The Life and Dark Secrets of Dorian Corey, Drag Queen Who Died With Mummified Body in Her Closet

In the weeks after "Paris Is Burning" star Dorian Corey's death, a mummy was discovered in a trunk in her home. How did the remains of the man get there and what happened, remains a mystery. But cops and friends have theories on what occurred.

In 1993, a mummified body was found inside a trunk in the Harlem apartment of a well-known drag queen. Dorian Corey was believed to have kept the remains of an unidentified man in her apartment for more than 25 years, only to be discovered after she died from AIDS.  

The NYPD sprang into action to try to determine how the person wound up in Corey's trunk and who they were as the New York City underground buzzed with speculation. Since those who knew the truth were no longer alive to tell it, police had to set out to get answers to a mystery still talked about to this day.

A Life Less Ordinary: Dorian Corey's Rise to Fame

“I always had hopes of being a big star. But as you get older, you aim a little lower. Everybody wants to make an impression, some mark upon the world. Then you think, you've made a mark on the world if you just get through it, and a few people remember your name. Then you've left a mark. You don't have to bend the whole world. I think it's better to just enjoy it. Pay your dues, and just enjoy it. If you shoot an arrow and it goes real high, hooray for you,” Dorian Corey says in “Paris is Burning.”

Dorian Corey was born in 1937 in Buffalo, New York, and arrived in New York City in the late 1950s to attend college at Parsons School of Design. While studying, she became embedded in the then-underground culture of "the ballroom" and appeared in drag queen beauty pageants.

“The ballroom culture evolved when disenfranchised Black and Hispanic, drag, gay, trans, queer people, would put on these ritualistic, exhibitionistic competitions, where they could pretend to be super models or macho men or butch queens, femme queens,” columnist Michael Musto told Inside Edition Digital.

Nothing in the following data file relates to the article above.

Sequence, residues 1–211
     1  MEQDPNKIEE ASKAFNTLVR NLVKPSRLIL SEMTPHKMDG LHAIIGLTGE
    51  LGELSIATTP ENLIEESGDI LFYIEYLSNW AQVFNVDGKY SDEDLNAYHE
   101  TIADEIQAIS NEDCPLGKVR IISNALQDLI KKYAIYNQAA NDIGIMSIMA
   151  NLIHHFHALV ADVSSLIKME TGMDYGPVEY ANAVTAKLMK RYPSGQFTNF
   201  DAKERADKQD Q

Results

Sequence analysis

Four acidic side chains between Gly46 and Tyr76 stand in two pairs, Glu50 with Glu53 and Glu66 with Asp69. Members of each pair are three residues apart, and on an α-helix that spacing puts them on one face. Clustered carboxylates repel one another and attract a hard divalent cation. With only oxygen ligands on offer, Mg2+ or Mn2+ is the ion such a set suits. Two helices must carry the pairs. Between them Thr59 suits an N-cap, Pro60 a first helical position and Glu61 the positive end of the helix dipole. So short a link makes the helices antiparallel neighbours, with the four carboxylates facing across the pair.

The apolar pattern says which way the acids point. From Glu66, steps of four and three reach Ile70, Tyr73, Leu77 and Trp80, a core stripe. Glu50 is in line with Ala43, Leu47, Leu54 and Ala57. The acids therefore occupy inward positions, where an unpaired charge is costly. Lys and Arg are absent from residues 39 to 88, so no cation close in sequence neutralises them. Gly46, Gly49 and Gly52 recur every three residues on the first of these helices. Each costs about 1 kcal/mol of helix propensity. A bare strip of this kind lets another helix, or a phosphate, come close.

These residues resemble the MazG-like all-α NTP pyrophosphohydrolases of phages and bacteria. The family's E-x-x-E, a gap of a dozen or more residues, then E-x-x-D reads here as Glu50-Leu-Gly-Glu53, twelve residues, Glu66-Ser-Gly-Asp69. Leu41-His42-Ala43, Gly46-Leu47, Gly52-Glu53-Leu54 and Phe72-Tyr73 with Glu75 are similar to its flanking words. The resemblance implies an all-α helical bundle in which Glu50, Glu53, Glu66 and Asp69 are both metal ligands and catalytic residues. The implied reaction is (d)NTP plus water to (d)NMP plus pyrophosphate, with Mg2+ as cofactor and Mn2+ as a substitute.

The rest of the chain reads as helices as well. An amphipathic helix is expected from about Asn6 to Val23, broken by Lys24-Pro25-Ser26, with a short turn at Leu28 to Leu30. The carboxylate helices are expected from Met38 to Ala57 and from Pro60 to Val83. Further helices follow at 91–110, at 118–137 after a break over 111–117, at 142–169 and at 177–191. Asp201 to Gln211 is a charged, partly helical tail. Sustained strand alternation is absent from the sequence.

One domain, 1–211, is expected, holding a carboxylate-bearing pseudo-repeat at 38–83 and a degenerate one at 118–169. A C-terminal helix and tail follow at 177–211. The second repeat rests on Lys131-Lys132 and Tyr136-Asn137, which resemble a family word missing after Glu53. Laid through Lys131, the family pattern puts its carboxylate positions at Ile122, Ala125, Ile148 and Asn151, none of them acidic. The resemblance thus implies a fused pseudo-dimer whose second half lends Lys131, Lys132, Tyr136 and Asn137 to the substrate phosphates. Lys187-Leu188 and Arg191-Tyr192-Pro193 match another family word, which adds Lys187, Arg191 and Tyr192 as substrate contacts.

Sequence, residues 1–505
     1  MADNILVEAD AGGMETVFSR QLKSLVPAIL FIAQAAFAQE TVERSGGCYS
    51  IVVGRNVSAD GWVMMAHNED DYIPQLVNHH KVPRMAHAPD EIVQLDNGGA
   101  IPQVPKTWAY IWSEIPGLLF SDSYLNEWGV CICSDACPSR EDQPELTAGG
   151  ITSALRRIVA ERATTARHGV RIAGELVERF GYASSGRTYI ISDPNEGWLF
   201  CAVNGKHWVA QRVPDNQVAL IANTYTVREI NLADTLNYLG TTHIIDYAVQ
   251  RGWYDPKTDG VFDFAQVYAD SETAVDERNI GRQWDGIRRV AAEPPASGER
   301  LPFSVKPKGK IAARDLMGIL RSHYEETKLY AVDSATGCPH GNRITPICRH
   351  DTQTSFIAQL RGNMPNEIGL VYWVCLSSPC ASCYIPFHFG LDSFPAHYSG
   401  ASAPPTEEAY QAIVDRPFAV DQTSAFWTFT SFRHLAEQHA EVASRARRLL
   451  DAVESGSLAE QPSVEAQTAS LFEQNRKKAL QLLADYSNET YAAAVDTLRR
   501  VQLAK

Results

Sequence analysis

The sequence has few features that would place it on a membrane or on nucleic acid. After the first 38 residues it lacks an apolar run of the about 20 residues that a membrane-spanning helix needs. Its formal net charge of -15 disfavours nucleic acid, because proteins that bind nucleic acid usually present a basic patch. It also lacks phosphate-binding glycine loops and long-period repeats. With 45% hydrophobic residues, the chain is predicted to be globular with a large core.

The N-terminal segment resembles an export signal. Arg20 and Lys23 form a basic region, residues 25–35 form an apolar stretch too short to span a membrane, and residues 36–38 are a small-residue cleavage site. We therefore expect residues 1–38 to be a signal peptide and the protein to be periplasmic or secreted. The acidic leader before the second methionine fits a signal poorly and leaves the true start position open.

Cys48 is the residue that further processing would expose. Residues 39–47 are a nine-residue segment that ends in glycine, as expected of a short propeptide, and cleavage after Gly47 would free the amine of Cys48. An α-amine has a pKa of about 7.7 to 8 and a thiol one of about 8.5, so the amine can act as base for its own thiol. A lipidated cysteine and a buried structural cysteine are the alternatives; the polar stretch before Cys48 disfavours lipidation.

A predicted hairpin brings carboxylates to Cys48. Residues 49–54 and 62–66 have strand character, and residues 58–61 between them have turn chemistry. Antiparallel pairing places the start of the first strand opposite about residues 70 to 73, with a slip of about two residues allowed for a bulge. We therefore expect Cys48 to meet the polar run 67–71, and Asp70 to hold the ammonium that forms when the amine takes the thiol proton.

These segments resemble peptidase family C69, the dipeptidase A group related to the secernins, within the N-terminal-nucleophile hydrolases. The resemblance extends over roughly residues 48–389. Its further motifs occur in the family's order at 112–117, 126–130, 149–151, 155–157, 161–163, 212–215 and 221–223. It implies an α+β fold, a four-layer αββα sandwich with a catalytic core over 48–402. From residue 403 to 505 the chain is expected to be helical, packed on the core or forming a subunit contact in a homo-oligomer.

The balls started in the 1950s in Harlem and would then move across the City and eventually Long Island and New Jersey.

“It was a competition, but it was full of a lot of love and acceptance, and a lot of fantasy because these people didn't get a lot of breaks in everyday life. But at those voguing balls, they were truly stars,” Musto said.

Inside the culture of the balls, families and cliques were created.

“It was a way to escape because these kids didn't have money. Many of them had no parental support, but they had each other. They created these families, and they belonged to houses,” Musto added. “The House of Domination and the House of Extravaganza, and each house would have a house mother that became almost like their real mother. They became a figure, whether male or female, who anchored them and mentored them and taught them and brought them into this voguing world.”